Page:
The Unnecessary Death of a Doe

*image courtesy of John Deal*

We've had a death here in the forest and we are devastated. Last weekend we went out for a hike on a lovely afternoon. I was taking pictures in the woods thinking about the nice light post I was going to make on the blog here about the beauty of this time of year. Deep in the forest at the top of a crest, my husband looked down and saw that the water in the creek was red. That's when he saw her. A doe was sitting in the water silently still. She looked at us and we at her and there we stood for a time.

John slowly scaled the ravine making calming noises as he approached her. For a moment she got scared and tried to run but fell just next to the water and laid down. John sat there with her for some time, talking to her gently. He reached out his hand to her and moved in slowly. He placed a hand on her hoof. And then backed away for a moment. While this was happening John was speaking to me as I stood up on the edge of the ravine with the children. We could see that she had been injured and we agreed that I should return to the house to call for help.

The children and I walked back to the house while John tried to calm her and gain her trust. He placed his hand on her hoof again, still talking quietly to her as though she were his child. Then he moved away from her again. When he approached the next time he came from behind her and touched her ear gently and then backed away once more to give her room and to give her a chance to think about his touch and presence. He approached her a final time. This time he stroked her neck. The doe relaxed and laid her head down in his lap.

Back at the house, I phoned animal services and they dispatched someone to come and try to help. I ran back out to let John know that someone was on the way. When I arrived, he was sitting with the deer's head in his lap. It was clear that she was close to death and we were very sad. I returned to the house and called again to let animal services know that things didn't look hopeful. In a short while a man showed up in a van. He said very little and carried no equipment with him. I took him into the forest and as he approached the edge of the gully, the deer became very afraid and tried to run. John attempted to help her and protect her at the same time resulting in an awkward moment between them. We heard another man call out from the woods. It was a policeman sent to euthanize the doe if necessary. I went to meet him. He was very upset. He told me how much he loved animals. Desiring to help in any way he could, the policeman scaled down to join John. Not knowing what would unfold, I took the children back to the house. The doe passed away in John's arms. John and the policeman pulled the deer up out of the water and into a clearing. And there she lies still.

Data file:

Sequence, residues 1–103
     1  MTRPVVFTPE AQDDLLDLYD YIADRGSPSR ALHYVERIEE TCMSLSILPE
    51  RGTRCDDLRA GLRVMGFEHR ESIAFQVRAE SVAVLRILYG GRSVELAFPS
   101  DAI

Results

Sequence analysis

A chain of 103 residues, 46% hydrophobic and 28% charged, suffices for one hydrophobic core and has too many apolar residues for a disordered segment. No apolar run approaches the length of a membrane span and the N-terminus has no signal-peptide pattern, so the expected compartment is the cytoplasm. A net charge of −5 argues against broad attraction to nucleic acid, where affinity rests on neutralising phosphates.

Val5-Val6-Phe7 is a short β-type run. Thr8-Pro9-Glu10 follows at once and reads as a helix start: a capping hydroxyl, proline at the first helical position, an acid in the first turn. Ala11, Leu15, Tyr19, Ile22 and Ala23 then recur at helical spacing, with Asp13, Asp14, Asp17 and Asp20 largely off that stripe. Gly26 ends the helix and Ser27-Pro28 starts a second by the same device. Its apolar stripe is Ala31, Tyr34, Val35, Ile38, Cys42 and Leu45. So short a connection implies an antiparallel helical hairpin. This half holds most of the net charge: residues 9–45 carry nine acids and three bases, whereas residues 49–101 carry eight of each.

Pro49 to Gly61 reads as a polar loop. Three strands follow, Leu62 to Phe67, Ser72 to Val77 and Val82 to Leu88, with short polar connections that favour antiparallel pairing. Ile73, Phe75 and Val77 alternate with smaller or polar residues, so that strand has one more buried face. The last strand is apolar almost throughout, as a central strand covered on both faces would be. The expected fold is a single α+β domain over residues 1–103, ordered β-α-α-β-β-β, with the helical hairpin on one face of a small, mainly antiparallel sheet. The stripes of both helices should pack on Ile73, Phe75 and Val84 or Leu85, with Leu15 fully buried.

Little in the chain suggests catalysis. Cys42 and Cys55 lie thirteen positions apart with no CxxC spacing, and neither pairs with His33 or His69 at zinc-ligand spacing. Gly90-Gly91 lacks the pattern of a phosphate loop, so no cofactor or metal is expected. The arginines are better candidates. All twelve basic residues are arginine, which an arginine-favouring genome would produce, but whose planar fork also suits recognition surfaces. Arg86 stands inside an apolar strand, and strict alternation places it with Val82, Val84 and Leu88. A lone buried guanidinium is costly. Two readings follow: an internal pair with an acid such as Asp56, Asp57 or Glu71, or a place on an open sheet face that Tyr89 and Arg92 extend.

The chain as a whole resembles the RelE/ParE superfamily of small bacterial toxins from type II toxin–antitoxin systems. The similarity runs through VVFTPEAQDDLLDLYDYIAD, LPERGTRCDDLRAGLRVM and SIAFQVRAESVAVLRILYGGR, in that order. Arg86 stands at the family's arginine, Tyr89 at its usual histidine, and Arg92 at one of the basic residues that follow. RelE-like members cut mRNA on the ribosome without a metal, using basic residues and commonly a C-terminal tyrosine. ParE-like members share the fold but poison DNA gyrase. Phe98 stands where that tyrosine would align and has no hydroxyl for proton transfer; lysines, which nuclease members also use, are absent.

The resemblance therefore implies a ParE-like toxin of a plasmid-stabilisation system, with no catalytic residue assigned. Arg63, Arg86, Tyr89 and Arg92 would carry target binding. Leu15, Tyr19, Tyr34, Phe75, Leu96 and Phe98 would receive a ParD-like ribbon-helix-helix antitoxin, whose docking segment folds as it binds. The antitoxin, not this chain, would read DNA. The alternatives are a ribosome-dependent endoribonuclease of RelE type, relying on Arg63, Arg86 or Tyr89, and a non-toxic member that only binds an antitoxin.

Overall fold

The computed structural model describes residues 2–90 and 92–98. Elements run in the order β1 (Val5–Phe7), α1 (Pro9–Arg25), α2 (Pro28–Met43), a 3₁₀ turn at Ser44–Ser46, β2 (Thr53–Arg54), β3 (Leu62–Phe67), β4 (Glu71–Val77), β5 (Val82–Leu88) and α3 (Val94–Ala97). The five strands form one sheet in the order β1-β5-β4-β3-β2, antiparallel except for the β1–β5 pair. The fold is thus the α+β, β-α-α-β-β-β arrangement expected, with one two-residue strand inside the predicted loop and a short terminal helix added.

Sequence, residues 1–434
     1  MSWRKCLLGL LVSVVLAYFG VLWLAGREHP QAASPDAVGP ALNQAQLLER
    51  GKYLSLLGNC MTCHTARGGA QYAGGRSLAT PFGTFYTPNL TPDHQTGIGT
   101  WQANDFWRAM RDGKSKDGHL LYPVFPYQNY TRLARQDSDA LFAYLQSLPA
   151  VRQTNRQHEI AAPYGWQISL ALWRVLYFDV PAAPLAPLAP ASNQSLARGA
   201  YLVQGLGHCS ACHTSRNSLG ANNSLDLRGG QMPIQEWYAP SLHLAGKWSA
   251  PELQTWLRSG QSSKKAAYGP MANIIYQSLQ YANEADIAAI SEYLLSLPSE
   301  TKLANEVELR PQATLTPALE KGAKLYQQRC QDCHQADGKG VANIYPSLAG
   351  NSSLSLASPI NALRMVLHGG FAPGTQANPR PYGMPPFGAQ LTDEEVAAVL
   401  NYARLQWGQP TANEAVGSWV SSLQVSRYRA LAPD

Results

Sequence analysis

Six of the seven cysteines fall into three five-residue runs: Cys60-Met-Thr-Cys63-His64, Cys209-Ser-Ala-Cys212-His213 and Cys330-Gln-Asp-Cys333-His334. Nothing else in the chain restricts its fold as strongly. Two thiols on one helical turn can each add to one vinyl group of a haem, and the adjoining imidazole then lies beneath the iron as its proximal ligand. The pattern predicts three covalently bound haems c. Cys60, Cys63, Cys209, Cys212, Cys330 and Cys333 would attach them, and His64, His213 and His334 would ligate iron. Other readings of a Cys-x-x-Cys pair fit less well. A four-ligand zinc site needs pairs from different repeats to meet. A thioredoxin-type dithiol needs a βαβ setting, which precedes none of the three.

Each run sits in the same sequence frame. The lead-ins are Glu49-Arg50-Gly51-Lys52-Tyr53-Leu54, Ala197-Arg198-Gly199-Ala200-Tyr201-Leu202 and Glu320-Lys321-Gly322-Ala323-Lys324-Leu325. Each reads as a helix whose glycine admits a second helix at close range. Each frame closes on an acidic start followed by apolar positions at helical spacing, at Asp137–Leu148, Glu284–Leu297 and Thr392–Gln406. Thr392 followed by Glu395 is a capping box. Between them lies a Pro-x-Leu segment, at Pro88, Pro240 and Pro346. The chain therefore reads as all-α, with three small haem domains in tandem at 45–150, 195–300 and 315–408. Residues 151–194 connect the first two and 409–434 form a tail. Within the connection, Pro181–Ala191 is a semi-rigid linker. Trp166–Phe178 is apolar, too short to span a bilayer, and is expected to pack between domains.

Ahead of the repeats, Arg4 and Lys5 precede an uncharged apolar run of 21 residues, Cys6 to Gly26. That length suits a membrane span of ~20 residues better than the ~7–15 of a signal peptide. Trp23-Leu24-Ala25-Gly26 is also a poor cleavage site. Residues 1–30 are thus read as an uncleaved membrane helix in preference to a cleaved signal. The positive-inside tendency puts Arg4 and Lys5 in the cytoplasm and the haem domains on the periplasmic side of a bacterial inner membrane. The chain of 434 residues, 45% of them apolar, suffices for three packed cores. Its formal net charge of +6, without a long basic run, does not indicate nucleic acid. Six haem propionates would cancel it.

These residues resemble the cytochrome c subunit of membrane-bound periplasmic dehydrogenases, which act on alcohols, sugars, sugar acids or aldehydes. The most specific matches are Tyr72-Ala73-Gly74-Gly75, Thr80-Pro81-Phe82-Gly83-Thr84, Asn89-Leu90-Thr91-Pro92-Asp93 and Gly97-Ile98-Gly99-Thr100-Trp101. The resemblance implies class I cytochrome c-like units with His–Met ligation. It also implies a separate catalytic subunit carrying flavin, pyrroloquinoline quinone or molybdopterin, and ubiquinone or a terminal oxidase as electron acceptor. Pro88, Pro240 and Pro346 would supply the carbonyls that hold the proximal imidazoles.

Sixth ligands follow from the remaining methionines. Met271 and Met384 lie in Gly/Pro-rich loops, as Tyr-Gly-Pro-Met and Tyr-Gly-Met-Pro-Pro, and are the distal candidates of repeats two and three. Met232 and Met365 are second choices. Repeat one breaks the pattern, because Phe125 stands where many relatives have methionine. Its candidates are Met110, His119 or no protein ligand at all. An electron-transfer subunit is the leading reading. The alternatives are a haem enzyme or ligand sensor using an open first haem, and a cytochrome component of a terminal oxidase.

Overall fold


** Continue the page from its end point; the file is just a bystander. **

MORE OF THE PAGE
*image courtesy of John Deal*

John, the policeman and myself were all suspicious of the deer's wound. We worried that she had been shot but on inspection, the exit wound was too clean to be a gunshot. When John returned home he was covered in the doe's blood and saliva. He had a shower and changed his clothes. We stood in the hallway overwhelmed by what had just transpired, and we talked about it. We were still concerned about why and how this had happened. John described a broad tipped bolt to me and how it could have caused her wound. We concluded that someone used a crossbow to shoot her. Moments later the police officer called. He was thinking about it too and he'd come to the same conclusion that we had.

I showed John a photo of the young doe who has been coming to visit us with her family since she was just a fawn. It's her. And now she's dead. I can't even begin to express my outrage about this. And I feel powerless to do anything about it and that's why I'm telling you this sad story. Someone has come into our safe and beautiful forest (protected heritage land) and killed a doe for no reason! This is the animal's home, one of the few safe places left for these majestic creatures. We feel like our home has been violated. We feel like our friend has been killed.

*image courtesy of John Deal*

I know that John was able to offer this beautiful creature some comfort in the painful and confusing last hours of her death. And for that, I am so proud of him. I know this has touched him deeply and that our anger will remain for a long, long time to come.

♥ Andrea ♥

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